The Quiet Exuberance of Winter
Jan 03, 2018
“You have to be at peace with the fact that something might happen, and you might not make it through,” says Alexandra de Steiguer, the caretaker for the Oceanic Hotel, in Brian Bolster’s short documentary, Winter’s Watch. De Steiguer has spent the past 19 winters tending to the 43-acre grounds of the hotel, on Star Island, which sits 10 miles off the coast of New England. In the long, wintry off-season, she is the island’s sole inhabitant.
Winter’s Watch explores de Steiguer’s relationship to extreme isolation. Its meditative imagery contemplates the beauty of absence, while de Steiguer reflects on the unique challenges and rewards of solitude. “There are no other distractions,” she says. “You have to decide how to fill your days….and yet it is peaceful, and I can use my imagination.”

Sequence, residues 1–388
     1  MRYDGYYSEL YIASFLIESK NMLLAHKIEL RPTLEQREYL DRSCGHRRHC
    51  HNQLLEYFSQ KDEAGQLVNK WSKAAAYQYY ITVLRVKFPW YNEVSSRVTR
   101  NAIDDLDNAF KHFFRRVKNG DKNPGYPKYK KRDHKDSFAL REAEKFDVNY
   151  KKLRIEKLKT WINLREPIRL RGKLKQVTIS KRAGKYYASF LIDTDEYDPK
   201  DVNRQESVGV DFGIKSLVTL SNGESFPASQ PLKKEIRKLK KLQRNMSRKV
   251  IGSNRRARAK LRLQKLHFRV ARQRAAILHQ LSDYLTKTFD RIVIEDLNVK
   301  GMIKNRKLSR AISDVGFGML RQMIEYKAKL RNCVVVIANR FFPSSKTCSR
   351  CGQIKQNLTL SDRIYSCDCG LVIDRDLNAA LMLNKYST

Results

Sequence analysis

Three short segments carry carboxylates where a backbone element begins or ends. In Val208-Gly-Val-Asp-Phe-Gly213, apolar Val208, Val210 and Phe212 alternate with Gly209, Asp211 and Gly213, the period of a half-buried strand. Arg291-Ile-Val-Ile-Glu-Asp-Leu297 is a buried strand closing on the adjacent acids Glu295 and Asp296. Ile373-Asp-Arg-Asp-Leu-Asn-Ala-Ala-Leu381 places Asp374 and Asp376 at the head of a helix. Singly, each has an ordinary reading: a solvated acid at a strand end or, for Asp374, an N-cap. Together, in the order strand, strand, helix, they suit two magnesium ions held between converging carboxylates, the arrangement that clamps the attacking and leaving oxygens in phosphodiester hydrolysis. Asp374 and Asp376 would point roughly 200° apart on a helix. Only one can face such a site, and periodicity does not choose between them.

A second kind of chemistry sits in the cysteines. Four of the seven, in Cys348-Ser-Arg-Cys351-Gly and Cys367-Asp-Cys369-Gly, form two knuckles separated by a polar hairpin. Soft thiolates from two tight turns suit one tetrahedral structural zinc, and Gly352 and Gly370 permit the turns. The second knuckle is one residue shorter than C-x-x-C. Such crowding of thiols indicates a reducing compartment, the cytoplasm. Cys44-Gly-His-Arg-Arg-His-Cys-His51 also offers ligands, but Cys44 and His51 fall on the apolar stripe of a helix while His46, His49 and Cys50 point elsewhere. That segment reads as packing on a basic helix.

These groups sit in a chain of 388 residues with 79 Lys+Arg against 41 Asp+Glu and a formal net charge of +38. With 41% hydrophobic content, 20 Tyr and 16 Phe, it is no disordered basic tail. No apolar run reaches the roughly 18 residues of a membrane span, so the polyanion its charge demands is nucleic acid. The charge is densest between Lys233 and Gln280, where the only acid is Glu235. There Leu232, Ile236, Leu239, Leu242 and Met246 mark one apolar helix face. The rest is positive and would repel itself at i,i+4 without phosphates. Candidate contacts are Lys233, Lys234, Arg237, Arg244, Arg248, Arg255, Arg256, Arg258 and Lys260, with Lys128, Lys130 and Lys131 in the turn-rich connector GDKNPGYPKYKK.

The hulking—and possibly haunted—hotel bears a striking resemblance to The Shining, but de Steiguer maintains that “if there are ghosts out here, they are being extremely kind to me.” Rather, she has embraced what she calls “the great waiting of winter.”
“Being alone here and seeing the struggle of winter makes me feel connected to the web of life,” she says. “Winter has a quiet exuberance. You have to look into the bones.”
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Author: Emily Buder
About This Series
A showcase of cinematic short documentary films, curated by The Atlantic.